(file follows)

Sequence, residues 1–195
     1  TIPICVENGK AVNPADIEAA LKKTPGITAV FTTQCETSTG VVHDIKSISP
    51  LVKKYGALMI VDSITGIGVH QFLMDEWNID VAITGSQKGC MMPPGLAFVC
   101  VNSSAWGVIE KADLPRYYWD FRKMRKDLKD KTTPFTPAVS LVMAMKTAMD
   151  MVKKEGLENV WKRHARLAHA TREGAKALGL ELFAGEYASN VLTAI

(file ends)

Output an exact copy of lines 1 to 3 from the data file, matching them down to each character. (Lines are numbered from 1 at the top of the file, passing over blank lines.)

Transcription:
Sequence, residues 1–195
     1  TIPICVENGK AVNPADIEAA LKKTPGITAV FTTQCETSTG VVHDIKSISP
    51  LVKKYGALMI VDSITGIGVH QFLMDEWNID VAITGSQKGC MMPPGLAFVC